Episode TwoHundredThirty

How to read a 10k like an Enterprise MEGADEALER

Guest: Jamal Reimer

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About This Episode

If you’ve not added the 10K to your sales arsenal, you’re missing out. 

What’s a 10K? It’s a document that public companies are required by the SEC to publish every year. And it’s essentially a report that provides transparency into how a company is performing. 

It’s all there. Risks, deals, mergers, acquisitions, management discussions, and financial reports. And if you use it the right way, it can be a crucial tool in your sales toolbox. 

But you’ve got to know how to use it. How to read it. How it’s organized. And that’s where Jamal Reimer comes in. Jamal was our guest on this special episode of the Sales Engagement podcast. Special because it’s not just an audio podcast.

Jamal was nice enough to use Zoom to walk us through how to read and utilize a 10k report. 

But Jamal walked us through what a 10K actually is, the 4 major areas of every 10K, and why the quarterly analyst calls are a goldmine if you’re looking for information on a company. 

What is a 10k? 

Like we mentioned already, a 10K is required by the SEC for every public company. And it exists to give the public a transparent glimpse into the performance of the company, as a deliverable to the shareholders.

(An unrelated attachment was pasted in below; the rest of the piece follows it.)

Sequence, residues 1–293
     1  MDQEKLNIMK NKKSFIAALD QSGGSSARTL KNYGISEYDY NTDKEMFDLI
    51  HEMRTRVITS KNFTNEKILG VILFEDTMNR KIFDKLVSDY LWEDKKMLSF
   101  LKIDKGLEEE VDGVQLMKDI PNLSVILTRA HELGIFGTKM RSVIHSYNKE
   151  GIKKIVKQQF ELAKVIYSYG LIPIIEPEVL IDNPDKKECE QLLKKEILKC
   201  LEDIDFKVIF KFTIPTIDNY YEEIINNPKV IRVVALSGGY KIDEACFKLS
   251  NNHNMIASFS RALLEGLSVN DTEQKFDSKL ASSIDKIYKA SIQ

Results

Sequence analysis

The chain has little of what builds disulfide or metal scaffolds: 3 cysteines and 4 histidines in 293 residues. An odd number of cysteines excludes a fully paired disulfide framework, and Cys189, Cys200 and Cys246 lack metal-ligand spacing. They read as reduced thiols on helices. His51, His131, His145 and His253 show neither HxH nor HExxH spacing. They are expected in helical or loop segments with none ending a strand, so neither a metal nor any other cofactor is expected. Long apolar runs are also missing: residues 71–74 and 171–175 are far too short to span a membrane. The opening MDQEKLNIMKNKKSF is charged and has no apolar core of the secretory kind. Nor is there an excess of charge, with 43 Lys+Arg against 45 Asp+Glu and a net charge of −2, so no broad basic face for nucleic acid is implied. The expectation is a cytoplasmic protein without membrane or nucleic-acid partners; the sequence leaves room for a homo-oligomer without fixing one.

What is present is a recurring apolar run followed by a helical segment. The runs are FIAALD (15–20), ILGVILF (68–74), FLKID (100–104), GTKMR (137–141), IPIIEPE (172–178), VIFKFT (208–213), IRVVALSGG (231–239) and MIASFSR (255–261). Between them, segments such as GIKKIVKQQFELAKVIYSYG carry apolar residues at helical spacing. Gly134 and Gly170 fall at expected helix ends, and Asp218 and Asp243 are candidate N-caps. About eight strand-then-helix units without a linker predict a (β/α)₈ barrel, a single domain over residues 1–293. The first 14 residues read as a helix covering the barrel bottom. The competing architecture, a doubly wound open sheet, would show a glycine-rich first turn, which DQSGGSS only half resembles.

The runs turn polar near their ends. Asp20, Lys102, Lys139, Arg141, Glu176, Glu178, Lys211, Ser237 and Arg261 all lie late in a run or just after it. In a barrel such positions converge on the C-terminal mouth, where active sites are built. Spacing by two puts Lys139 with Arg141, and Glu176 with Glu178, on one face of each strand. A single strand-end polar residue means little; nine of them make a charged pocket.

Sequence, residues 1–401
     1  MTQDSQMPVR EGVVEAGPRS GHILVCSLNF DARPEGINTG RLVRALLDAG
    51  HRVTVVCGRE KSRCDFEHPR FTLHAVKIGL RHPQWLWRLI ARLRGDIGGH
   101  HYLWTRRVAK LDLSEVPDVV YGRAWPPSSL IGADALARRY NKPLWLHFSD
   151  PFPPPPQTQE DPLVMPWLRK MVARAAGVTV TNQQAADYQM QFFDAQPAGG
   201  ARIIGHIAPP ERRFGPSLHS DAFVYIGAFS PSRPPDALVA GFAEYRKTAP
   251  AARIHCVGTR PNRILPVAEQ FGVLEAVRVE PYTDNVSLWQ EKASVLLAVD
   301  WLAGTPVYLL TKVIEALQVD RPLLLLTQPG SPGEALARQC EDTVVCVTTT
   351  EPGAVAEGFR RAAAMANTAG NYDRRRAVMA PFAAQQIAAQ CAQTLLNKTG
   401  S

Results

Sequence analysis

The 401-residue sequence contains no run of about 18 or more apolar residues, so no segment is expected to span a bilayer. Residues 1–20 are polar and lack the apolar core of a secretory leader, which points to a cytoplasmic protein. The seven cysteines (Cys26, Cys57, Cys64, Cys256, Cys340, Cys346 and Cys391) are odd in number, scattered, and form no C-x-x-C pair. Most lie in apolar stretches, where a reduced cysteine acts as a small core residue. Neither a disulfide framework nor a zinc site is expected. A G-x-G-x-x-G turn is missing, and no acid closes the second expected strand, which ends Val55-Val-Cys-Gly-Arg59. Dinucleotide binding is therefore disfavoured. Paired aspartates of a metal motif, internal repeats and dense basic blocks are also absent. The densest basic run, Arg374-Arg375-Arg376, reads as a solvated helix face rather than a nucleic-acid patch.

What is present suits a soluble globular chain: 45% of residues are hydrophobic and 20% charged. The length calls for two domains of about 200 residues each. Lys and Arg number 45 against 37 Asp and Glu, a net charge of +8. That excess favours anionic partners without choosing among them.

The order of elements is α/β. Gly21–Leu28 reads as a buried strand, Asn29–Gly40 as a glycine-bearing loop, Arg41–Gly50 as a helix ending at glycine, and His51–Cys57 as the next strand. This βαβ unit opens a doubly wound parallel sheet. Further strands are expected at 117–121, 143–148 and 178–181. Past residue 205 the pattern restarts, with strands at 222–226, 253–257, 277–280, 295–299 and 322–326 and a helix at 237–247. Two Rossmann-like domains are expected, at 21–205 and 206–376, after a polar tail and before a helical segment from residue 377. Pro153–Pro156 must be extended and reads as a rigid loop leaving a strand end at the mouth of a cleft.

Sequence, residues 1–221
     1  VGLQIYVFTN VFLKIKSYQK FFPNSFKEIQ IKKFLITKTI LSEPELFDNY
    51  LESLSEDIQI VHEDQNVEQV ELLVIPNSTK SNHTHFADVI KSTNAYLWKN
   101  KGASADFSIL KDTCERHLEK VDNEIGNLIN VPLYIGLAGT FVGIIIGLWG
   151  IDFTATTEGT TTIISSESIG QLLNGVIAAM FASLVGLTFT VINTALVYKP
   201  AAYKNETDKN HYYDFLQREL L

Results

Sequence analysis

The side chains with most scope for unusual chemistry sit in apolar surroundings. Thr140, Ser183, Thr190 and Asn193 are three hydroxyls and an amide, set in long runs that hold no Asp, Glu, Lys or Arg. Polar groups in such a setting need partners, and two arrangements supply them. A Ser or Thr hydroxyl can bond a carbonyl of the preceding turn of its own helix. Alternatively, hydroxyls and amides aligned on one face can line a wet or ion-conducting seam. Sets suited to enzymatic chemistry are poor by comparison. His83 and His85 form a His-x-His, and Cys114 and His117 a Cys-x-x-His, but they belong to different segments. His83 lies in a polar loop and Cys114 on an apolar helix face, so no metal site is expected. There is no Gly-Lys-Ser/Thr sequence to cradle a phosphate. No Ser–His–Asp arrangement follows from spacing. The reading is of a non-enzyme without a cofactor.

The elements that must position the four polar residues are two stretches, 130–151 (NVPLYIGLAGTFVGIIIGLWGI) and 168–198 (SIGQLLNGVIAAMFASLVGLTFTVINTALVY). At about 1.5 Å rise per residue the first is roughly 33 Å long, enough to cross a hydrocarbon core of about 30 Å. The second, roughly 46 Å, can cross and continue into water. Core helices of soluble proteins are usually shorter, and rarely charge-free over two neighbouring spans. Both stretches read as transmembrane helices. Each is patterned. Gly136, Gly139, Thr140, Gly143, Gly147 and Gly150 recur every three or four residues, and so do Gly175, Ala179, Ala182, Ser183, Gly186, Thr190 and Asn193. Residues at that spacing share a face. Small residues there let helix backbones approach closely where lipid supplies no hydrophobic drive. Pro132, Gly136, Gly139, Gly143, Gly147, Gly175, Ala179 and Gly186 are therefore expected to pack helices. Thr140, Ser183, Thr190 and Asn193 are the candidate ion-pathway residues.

It typically goes into far more detail about how the company is doing than the annual report, so again, if you’re not utilizing the 10k in your sales arsenal, you’re missing out. 

But what’s in a 10k? Where do you even start? Every 10K contains the same sections, and there are usually well over 15 of them. But for the sake of time, we focused on 4 main sections. 

The Business Section

The business section of the 10k is where you’re going to get the most distilled information into WHO a company is and WHAT they’re up to. Most 10Ks will include some sort of mission statement or “about us” paragraph that will concisely define the company. 

If nothing else, this is incredibly helpful if you’re bringing executives into your meeting and they’re not sure what the company you’re prospecting does. You can literally just copy and paste out of the 10K, and it will give your executives a crystal clear summary of what they’re looking at. 

Not all 10Ks will feature a strategy section, but a lot of them do. The one we focused on for this interview went point by point through the five main areas of the company’s strategy. 

What better chance to individually address their strategic initiatives in a sales call than directly from their 10k? 

Risk Factors

Most companies don’t like to talk about their risks, but fortunately for you, the SEC dictates the things that are required to be addressed in a 10K document, and risks are one of those things. 

This gives you the chance to look at the risks that a company is actively facing, then go into your meetings armed with ways that your organization or product can help mitigate those risks. You can say, “I see here that cyber security is a huge risk for your company. Here are the ways we can help keep your company secure.”